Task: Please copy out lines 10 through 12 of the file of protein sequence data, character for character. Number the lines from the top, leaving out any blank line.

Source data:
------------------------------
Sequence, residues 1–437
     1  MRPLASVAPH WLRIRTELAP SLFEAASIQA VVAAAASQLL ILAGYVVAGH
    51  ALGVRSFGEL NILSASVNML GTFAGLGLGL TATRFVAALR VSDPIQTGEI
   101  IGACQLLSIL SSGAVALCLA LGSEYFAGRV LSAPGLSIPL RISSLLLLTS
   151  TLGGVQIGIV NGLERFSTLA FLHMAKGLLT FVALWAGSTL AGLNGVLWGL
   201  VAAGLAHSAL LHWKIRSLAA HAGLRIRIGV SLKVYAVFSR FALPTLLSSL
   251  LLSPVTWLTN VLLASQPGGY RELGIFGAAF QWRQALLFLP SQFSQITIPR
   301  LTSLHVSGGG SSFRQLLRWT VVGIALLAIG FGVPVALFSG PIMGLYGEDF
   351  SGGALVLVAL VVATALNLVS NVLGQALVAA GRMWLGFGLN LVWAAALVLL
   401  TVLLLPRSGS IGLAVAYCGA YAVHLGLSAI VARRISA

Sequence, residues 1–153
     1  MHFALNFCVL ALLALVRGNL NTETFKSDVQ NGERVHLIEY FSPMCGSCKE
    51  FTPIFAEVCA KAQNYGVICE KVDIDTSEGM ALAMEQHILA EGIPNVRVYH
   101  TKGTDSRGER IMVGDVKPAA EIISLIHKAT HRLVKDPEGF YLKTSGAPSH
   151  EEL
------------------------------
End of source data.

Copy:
   401  TVLLLPRSGS IGLAVAYCGA YAVHLGLSAI VARRISA

Sequence, residues 1–153
     1  MHFALNFCVL ALLALVRGNL NTETFKSDVQ NGERVHLIEY FSPMCGSCKE